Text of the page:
The second half of the season was a struggle for Greinke, as he won only six games in 15 starts, though the blame clearly fell on the woeful Kansas City offense. The Royals only managed to score 13 runs in Greinke’s eight losses (1.6 runs/game) on the season, while scoring just 21 runs in his nine no-decisions (2.33 runs/game). Playing for a team with an average offense, Greinke would likely have finished with 22-23 wins, instead of the 16 he collected with Kansas City, and the Cy Young race wouldn’t have been a race at all, rather a runaway. Despite his team’s numerous shortcomings (no offense Sidney Ponson), Greinke never let up and capped off his historic season with a 3-0 record and 0.55 ERA in September.

If you take away wins (unfair, I know, but so is playing for K.C.), the choice of Zach Greinke as the Cy Young was really a no brainer (a good thing for voters):

–>Greinke: 2.16 ERA, 1.07 WHIP, 242 K’s/51 walks, 6 complete games

–>Hernandez: 2.49 ERA, 1.14 WHIP, 217 K’s/71 walks, 2 complete games

Sorry C.C., not even playing for the Yankees was enough to get you this year's Cy Young award.

If that’s not enough, digging even deeper shows that Greinke was at his best when it mattered most (which technically is never when pitching for the Royals, but bear with me). He held hitters to a .253 average with the bases empty, and incredibly was tougher with runners on, allowing opposing batters a miniscule .197 average and .235 OBP. Even when batters got ahead in the count Greinke was unhittable. He faced 111 batters with a three ball count, which typically favors hitters not named Yuniesky Betancourt, yet he held those batters to 19 hits, or a Richie Sexson-esque .171 average. The 26-year-old righty showed his true grit by improving each time through the lineup (.264 average on first plate appearance vs .189 average on third plate appearance), and holding hitters to a .199 BA with runners in scoring position. By any statistical measure you choose to look at Zack Grienke, was the best pitcher in the AL, and it wasn’t even close.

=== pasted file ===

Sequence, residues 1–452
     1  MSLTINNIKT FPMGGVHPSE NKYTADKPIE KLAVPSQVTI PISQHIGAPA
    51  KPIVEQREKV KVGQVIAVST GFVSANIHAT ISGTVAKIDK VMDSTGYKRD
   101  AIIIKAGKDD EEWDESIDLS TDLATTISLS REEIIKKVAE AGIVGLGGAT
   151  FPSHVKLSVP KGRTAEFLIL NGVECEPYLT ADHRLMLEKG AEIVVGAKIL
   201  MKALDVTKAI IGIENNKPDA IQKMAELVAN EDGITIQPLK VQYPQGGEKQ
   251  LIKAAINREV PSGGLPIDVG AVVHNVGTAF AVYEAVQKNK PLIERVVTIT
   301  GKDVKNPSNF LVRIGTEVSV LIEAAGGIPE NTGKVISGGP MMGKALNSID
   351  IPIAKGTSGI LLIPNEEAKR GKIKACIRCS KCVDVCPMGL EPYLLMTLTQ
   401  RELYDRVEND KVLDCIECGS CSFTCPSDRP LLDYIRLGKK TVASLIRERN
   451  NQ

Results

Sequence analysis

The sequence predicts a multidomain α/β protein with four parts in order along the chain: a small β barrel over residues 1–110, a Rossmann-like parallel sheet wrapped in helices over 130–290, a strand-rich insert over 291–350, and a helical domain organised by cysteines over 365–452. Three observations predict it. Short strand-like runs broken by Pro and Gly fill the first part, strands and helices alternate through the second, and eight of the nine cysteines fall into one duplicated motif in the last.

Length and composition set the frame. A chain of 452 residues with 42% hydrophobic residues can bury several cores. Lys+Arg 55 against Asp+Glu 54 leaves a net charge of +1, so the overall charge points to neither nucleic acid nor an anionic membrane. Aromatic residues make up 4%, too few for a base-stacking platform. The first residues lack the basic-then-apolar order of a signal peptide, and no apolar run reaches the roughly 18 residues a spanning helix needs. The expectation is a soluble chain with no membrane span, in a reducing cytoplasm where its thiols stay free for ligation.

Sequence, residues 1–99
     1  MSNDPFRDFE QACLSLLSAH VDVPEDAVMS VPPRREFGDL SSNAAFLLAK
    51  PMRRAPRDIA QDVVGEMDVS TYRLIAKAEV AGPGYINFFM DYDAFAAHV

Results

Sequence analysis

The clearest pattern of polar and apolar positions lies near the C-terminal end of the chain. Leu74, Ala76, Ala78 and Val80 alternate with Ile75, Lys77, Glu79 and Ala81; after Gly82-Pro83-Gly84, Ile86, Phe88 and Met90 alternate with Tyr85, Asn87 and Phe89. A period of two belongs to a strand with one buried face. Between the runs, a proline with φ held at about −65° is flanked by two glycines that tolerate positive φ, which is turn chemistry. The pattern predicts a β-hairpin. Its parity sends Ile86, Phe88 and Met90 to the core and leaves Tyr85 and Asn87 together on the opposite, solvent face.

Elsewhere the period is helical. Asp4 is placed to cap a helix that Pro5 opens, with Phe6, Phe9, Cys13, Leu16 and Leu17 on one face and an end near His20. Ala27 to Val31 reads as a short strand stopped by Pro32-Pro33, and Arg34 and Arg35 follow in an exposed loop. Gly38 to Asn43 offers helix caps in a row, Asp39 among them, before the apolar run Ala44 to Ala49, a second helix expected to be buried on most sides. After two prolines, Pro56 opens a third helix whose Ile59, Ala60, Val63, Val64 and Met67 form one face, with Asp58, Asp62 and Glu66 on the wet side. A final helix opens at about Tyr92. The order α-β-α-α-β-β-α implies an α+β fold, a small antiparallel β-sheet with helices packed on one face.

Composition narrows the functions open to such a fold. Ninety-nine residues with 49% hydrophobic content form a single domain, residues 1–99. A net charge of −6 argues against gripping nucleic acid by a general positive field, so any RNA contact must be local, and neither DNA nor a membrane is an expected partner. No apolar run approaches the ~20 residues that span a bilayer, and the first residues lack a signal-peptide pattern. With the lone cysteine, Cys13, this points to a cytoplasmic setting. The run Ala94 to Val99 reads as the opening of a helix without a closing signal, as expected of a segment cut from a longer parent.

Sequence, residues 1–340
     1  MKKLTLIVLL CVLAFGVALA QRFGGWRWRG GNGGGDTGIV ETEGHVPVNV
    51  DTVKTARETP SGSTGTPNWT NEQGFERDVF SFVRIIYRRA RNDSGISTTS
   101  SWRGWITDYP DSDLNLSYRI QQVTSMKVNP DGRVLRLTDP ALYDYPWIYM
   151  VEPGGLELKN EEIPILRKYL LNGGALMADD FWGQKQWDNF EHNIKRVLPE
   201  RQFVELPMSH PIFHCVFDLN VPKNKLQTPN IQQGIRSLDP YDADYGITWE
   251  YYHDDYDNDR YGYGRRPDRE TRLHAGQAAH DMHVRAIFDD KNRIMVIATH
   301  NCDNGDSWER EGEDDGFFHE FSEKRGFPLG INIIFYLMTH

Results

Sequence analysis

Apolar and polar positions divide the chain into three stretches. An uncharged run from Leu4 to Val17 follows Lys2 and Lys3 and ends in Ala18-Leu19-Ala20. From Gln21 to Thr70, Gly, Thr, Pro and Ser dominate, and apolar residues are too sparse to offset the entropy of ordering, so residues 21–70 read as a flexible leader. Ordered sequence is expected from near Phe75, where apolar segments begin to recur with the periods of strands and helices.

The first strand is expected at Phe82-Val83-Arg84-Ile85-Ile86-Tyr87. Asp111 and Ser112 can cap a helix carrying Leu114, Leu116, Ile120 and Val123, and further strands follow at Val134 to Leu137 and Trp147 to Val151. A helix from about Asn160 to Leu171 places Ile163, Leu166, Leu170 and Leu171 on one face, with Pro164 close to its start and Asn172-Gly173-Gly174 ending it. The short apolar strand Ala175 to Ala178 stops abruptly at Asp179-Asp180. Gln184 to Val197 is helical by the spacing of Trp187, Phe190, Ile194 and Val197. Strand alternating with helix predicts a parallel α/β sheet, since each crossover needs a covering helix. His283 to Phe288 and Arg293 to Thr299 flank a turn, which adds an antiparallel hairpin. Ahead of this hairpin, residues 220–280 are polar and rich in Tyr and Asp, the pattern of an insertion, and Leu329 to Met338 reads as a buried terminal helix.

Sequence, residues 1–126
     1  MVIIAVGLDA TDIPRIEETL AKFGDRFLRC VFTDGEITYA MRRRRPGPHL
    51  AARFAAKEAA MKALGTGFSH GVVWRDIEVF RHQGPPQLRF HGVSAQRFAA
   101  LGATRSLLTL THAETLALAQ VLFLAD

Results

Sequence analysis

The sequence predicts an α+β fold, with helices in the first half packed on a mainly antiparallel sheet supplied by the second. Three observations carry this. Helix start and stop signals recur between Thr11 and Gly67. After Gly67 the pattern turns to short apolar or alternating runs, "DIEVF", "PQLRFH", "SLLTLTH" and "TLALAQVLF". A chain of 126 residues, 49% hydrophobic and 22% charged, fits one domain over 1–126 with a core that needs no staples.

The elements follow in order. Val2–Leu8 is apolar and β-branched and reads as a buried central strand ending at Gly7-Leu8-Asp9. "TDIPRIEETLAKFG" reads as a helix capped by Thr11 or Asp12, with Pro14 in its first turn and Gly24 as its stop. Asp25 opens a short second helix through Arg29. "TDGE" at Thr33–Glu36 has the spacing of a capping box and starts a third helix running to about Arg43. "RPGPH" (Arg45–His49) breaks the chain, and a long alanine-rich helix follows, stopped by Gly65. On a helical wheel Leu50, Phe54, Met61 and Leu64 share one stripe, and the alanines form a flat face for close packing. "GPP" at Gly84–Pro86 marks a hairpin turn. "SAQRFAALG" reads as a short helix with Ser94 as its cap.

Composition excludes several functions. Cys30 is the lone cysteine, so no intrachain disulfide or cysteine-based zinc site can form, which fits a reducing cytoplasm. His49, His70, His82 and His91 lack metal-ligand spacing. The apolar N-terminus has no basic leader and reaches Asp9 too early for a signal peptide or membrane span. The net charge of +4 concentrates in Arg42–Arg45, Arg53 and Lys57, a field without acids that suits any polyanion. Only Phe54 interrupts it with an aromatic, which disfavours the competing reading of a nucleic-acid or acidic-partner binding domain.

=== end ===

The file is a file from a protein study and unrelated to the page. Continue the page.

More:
Although often criticized for questionable and uneducated decisions (cough–Derek Jeter Gold Glove–cough) baseball voters got the right man this time. Not only was Zach Grienke a great story in overcoming social anxiety disorder, but he was also baseball’s best pitcher all season long. It looks like the Royals have found their ace for the next decade, now if they only could find a catcher, first baseman, shortstop, second baseman, right fielder, third baseman and left fielder, they might be in business. Regardless of the talent (or lack thereof) that surrounded him, Zack Grienke pitched like a superstar all year and was more than worthy of the 2009 AL Cy Young award. Here’s hoping the humble young pitcher carries his success into next season…and brings some much needed hope to a hapless franchise.

Finally Some Sunshine in Seattle: Ken Griffey Jr. Returns to Mariners for 2010


If one year is good, two years is better. Welcome back Junior.